Pathophysiology of Migraine

Ana Recober, MD Headache p. 586-596 June 2021, Vol.27, No.3 doi: 10.1212/CON.0000000000000983
REVIEW ARTICLES
BROWSE ARTICLES
Article as PDF
-- Select an option --

PURPOSE OF REVIEW This article summarizes the current understanding of the pathophysiology of migraine, including some controversial aspects of the underlying mechanisms of the disorder.

RECENT FINDINGS Recent functional neuroimaging studies focusing on the nonpainful symptoms of migraine have identified key areas of the central nervous system implicated in the early phases of a migraine attack. Clinical studies of spontaneous and provoked migraine attacks, together with preclinical studies using translational animal models, have led to a better understanding of the disease and the development of disease-specific and targeted therapies.

SUMMARY Our knowledge of the pathophysiology of migraine has advanced significantly in the past decades. Current evidence supports our understanding of migraine as a complex cyclical brain disorder that likely results from dysfunctional sensory processing and dysregulation of homeostatic mechanisms. This article reviews the underlying mechanisms of the clinical manifestations of each phase of the migraine cycle.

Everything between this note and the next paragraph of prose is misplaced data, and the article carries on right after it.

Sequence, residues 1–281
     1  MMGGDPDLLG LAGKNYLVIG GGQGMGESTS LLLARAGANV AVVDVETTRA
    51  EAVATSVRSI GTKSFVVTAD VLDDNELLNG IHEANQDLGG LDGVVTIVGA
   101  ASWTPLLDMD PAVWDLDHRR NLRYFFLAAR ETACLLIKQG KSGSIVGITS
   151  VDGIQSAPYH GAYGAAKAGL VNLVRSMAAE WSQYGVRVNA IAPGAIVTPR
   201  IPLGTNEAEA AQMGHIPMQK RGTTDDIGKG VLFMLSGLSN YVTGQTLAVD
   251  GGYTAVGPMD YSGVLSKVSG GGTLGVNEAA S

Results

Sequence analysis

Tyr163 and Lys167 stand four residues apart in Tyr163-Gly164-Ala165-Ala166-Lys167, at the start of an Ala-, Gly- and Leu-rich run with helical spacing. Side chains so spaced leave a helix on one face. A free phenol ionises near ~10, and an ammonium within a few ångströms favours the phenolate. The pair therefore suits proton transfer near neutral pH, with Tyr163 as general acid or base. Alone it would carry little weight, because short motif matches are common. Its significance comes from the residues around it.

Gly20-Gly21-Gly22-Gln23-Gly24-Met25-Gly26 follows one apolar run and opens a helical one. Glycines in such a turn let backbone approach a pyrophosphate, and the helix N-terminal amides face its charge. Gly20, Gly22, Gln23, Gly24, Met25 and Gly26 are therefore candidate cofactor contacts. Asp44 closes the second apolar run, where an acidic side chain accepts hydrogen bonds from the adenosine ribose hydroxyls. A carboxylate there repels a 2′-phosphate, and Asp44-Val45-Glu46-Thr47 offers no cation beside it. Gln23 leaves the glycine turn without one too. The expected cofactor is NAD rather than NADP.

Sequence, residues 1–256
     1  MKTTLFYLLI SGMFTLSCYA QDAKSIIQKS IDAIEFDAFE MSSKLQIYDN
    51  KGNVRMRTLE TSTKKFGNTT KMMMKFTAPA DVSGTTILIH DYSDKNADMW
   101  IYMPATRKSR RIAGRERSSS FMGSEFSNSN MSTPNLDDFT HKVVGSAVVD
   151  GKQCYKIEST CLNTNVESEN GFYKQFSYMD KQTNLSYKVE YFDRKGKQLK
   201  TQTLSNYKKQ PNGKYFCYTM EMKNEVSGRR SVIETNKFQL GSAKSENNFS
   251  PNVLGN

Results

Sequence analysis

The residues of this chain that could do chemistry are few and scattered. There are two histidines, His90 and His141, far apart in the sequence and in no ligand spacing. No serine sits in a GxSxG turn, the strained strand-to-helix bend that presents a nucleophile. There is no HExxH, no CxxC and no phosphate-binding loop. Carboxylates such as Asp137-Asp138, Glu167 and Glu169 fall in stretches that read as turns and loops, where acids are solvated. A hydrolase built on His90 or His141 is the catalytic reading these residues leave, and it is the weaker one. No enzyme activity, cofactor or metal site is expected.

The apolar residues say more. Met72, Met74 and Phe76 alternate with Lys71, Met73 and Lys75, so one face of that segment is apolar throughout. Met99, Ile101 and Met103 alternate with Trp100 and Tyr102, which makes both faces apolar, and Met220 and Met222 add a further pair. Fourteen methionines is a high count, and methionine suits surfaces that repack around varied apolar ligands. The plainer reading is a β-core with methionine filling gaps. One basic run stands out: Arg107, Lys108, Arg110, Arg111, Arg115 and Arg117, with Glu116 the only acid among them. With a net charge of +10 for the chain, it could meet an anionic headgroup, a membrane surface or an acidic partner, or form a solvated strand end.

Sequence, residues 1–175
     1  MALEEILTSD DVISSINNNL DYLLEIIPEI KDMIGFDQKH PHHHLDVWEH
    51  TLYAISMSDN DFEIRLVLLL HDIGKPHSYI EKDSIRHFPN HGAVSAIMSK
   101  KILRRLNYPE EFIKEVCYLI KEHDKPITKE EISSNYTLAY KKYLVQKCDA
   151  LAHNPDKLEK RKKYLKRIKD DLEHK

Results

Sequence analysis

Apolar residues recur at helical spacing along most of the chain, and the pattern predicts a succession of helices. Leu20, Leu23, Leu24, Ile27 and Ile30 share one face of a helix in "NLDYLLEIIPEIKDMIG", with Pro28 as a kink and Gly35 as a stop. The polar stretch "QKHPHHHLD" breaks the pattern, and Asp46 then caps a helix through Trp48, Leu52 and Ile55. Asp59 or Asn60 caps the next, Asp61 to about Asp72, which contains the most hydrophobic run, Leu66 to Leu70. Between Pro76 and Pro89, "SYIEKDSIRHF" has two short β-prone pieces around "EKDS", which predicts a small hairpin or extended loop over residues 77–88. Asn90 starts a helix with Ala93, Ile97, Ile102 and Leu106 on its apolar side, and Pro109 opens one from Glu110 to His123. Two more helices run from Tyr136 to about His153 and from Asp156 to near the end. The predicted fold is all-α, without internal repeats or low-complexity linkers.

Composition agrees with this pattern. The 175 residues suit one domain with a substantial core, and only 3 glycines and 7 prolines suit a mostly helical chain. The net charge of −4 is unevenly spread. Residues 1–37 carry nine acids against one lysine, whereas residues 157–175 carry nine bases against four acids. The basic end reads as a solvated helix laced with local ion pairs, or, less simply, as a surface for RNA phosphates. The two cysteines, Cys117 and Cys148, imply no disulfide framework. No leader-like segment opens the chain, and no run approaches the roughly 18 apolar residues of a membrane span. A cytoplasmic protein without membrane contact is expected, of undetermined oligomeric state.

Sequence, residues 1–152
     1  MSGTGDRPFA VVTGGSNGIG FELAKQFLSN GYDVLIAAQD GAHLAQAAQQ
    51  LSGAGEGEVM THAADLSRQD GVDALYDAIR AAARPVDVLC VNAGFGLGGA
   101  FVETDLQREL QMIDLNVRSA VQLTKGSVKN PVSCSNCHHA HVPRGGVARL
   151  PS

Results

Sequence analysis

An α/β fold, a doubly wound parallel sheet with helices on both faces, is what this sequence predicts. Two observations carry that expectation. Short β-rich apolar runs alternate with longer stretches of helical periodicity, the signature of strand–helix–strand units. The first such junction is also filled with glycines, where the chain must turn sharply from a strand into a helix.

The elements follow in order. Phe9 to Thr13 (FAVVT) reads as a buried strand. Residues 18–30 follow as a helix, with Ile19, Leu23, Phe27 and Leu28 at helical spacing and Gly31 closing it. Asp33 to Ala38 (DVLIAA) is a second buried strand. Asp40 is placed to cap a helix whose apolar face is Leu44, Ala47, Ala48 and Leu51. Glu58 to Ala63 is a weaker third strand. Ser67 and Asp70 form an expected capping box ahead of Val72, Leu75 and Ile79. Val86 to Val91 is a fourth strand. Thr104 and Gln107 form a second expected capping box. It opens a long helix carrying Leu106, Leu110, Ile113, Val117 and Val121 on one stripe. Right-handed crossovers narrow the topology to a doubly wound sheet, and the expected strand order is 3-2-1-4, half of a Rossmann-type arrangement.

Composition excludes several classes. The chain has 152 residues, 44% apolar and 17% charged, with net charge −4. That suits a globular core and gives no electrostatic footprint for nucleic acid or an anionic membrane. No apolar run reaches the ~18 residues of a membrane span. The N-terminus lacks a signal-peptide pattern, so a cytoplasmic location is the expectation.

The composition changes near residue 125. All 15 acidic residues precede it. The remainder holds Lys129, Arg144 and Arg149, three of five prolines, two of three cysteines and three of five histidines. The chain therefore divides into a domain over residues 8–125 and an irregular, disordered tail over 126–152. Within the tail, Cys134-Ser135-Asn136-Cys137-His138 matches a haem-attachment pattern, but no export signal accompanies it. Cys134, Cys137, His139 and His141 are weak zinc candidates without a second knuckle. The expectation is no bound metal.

Address correspondence to Dr Ana Recober, Lankenau Medical Center, MOB East, Ste 256, 100 E Lancaster Ave, Wynnewood, PA 19096, [email protected].

RELATIONSHIP DISCLOSURE: Dr Recober serves on an advisory board for Allergan and receives licensing fees for patents from the University of Iowa Foundation/Alder BioPharmaceuticals, Inc.

UNLABELED USE OF PRODUCTS/INVESTIGATIONAL USE DISCLOSURE: Dr Recober reports no disclosure.

© 2021 American Academy of Neurology.